The metal matrix composite 36 provides resistance to temperatures of 1000 F. (538 C.) and possibly up to 1500 F. (816 C.). For instance, common copper alloys, or precipitation strengthened copper alloys are limited to use below 600 F.-800 F. (316 C.-427 C.) since the age hardening temperature is typically in this range. However, the aluminum oxide reinforcement 38 is not a product of precipitation hardening, and therefore is not subject to the same solution/precipitation mechanisms that form a precipitation strengthened alloy. Thus, the aluminum oxide reinforcement 38 is inert at the age-hardening temperatures and the metal matrix composite 36 is thereby able to withstand temperatures of 1000 F. (538 C.) and possibly up to 1500 F. (816 C.).

The composition of the metal matrix composite 36 relative to the amount of aluminum oxide reinforcement 38 may vary depending upon the desired properties of the metal matrix composite 36. For instance, the metal matrix composite 36 may include up to about 2.0 wt % of the aluminum oxide reinforcement 38. In a further example, the metal matrix composite includes about 0.3 wt % to 1.5 wt % of the aluminum oxide reinforcement 38. Generally, selecting a lower amount of the aluminum oxide reinforcement 38 would provide the metal matrix composite 36 with relatively higher thermal conductivity and relatively lower strength, while selecting a higher amount of the aluminum oxide reinforcement 38 would provide relatively higher strength but relatively lower thermal conductivity.

The structure of the fin 22 may be formed using any of a variety of different processing methods. For instance, the fin 22 may be formed using roll bonding, diffusion bonding, explosion bonding, or other types of bonding/forming methods. For instance, if roll bonding is used, the heat transfer layer 36 may be positioned between the first protective layer 32 and the second protective layer 34 and then fed into a rolling mill. Rollers of the rolling mill compress the first protective layer 32, the second protective layer 34, and the heat transfer layer 36 together under a relatively high pressure. The pressure causes mechanical deformation that physically locks the first protective layer 32, the second protective layer 34, and the heat transfer layer 36 together. Alternatively, the first protective layer 32, the second protective layer 34, and the heat transfer layer 36 may be heated to cause diffusion bonding. In other examples, the first protective layer 32 and the second protective layer 34 may be formed on the heat transfer layer 36 through a coating process, such as explosion bonding or spraying.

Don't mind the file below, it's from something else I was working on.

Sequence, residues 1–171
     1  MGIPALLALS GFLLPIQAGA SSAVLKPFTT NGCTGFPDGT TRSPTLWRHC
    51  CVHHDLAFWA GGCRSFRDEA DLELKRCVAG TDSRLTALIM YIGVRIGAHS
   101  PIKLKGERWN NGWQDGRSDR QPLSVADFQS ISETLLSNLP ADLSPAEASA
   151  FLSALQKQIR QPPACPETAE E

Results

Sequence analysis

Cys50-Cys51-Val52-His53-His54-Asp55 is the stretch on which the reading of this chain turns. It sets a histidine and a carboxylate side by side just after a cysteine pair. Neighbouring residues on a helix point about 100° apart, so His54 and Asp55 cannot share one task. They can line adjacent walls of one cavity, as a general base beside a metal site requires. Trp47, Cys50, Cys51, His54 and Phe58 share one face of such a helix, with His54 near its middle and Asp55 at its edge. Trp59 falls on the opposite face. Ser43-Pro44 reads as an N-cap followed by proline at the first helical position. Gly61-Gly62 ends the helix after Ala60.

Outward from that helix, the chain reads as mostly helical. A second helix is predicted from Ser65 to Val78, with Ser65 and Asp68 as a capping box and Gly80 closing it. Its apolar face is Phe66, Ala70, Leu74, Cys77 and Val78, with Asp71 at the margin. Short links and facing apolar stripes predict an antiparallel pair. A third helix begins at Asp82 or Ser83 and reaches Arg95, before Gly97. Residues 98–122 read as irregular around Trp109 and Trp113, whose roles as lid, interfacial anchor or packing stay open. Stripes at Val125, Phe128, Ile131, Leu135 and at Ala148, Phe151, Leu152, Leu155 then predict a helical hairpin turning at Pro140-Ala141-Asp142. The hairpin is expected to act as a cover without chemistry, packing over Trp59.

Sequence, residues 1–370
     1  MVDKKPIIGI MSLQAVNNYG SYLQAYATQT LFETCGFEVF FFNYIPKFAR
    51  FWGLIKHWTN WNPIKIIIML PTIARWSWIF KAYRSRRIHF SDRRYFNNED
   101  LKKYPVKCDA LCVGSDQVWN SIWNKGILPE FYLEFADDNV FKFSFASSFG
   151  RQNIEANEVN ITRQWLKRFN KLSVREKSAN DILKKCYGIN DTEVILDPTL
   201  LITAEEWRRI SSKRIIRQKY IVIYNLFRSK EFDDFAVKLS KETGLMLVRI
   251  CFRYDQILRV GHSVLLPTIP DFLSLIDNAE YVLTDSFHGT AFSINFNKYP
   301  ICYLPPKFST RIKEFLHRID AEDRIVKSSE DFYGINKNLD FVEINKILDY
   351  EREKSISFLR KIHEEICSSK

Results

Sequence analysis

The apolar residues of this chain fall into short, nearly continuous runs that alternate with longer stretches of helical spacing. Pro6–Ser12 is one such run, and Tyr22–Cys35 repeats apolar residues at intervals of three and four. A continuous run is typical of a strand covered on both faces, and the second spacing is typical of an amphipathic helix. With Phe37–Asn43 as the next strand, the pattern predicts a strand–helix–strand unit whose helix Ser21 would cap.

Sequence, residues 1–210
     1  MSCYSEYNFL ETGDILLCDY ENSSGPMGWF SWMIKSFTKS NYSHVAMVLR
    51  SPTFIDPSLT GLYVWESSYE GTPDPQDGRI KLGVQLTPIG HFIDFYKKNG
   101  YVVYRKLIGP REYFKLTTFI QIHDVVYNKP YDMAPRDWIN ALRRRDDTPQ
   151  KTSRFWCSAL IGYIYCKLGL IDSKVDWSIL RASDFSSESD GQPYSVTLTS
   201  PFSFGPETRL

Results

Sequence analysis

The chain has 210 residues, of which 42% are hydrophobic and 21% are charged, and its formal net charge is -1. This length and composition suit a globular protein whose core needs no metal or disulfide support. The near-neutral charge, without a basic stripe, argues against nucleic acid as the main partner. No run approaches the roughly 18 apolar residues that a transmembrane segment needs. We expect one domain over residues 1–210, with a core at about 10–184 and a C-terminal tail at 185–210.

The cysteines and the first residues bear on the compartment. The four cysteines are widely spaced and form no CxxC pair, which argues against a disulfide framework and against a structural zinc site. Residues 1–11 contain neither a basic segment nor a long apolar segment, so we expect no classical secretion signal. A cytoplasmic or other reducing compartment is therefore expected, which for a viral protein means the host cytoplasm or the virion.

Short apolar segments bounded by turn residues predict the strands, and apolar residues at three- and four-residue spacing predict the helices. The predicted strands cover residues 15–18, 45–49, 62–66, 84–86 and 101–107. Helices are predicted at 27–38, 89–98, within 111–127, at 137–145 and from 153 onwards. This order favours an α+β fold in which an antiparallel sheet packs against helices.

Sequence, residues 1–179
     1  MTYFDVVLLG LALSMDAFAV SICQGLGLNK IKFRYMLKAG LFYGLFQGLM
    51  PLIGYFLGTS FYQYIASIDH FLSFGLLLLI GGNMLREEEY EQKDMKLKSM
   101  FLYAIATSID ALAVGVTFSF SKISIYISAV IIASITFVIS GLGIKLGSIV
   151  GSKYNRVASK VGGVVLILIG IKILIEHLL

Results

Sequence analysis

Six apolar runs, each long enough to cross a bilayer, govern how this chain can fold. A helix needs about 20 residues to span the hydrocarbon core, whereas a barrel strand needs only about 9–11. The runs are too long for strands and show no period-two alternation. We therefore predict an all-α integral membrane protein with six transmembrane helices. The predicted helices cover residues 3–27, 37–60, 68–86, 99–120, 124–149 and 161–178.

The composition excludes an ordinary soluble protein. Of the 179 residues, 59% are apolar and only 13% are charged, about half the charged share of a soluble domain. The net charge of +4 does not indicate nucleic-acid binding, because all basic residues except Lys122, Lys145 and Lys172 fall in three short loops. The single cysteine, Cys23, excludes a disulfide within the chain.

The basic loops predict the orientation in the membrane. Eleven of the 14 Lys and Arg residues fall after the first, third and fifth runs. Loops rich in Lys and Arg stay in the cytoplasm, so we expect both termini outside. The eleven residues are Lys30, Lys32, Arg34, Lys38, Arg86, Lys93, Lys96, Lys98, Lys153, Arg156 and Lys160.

As can be appreciated from FIG. 2, edges 50 of the fin 22 may be left exposed to the surrounding environment. However, in some examples, it may be desirable to seal the edges as shown in FIG. 3 with a cladding 52. For instance, the cladding 52 may be a braze alloy that is also used to bond the fins 22 to the parting sheets 16. The braze alloy, such as a copper-based braze alloy, may be forming using known brazing techniques during a brazing process to bond the fins 22 to the parting sheets 16. Alternatively, the cladding 52 may be a nickel-based material for providing additional corrosion resistance to the fin 22. The nickel-based material may be applied using known coating techniques.

FIG. 4 illustrates another embodiment of a heat transfer device 122. In this disclosure like reference numerals designate like elements where appropriate, and reference numerals with the addition of 100 or multiples thereof designate modified elements. The modified elements incorporate the same features and benefits of the corresponding modified elements, except where stated otherwise. In this example, the fin 122 is similar to the fin 22 of the previous examples but includes a first diffusion barrier layer 60 between the first protective layer 32 and the heat transfer layer 36, and a second diffusion barrier layer 62 between the second protective layer 34 and the heat transfer layer 36.